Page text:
The Guitar Concerto was completed in 1951, originally taking shape as a Fantasia Concertante for guitar and small orchestra. Andres Segovia asked Villa-Lobos to add a cadenza between the second and third movements and the piece became a Concerto in the full sense. About the Concerto, Villa-Lobos wrote:

"The Fantasia Concertante was written for guitar and a small and equilibrated orchestra, pursuing timbres that could not annul the soloist's sonority. It was organized in three movements: "Allegro Preciso", Andantino/Andante, and Allegro non Troppo". The first movement ("Allegro Preciso") takes place in the orchestra and shows a theme full of energy, which will reappear in both guitar and orchestra. In the second section ("Poco Meno") the theme is entirely original and bellows to a new episode. It maintains the melodic atmosphere of rather popular songs from the Northeast of Brazil. Following, the first theme is reexposed with the same rhythm structure of the beginning but a third minor above; development and stretto are reduced until the final accelerando. On the "Andantino", after a short introduction by the orchestra (simultaneous scales in divergent movements), the main theme reappears and develops until the "Andante". There, a new episode appears during some measures (6/8), like the introduction, till the expressive melody played by the guitar. The return to the "Andantino" comes a fifth above from the main exposition and the "piu mosso", with a different melody to those of the thematic unity, represents a kind of "Stretto", which concludes the movement. The 'Allegro non Troppo", with a introduction of a few measures (melody and syncope rhythms) shows a orchestral theme which soon reappears by the guitar. Up to the end of the Fantasia many modulations are made with the intention to explore the guitarist's virtuosity."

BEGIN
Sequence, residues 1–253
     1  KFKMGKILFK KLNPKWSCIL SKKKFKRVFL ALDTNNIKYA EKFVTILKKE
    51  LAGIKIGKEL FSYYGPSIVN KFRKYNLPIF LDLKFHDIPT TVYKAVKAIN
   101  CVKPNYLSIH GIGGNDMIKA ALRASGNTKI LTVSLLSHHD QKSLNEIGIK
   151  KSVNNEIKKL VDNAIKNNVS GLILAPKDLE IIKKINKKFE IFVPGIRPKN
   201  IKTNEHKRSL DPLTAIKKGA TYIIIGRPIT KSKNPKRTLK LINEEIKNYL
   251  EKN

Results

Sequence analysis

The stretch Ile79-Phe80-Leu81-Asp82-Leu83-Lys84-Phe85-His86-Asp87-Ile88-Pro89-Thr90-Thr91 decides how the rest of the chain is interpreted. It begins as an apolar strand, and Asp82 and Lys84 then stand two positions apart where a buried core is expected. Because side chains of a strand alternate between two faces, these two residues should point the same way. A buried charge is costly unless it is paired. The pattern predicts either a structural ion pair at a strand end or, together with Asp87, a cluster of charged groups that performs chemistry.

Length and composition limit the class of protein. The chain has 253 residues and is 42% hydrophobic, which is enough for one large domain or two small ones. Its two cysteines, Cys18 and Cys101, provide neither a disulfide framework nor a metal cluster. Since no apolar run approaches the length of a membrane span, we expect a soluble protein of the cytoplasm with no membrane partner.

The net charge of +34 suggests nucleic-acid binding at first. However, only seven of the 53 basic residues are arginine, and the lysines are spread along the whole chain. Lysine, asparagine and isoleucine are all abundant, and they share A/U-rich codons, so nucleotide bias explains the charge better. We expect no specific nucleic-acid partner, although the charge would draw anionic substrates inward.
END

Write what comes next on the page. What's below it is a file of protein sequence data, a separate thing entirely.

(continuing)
We can consider the Concerto as a condensation of Villa-Lobos' whole guitar work. The elements previous explored in the Studies and Preludes can be easily found here.


Just a few words

The handful of Villa-Lobos surviving guitar pieces is small and we would have whished more. In particular a greater assault on those eclectic elements visible elsewhere in his work might have proved fruitful in the context of the instrument. Villa-Lobos, above all other twentieth-century composer for the guitar, possessed the spark of genius capable of realizing how far the instrument could be stretched technically and musically. He said once: 'My teacher? ... Brazil.'


(1) People who plays Choro (see footnote 4). (Back)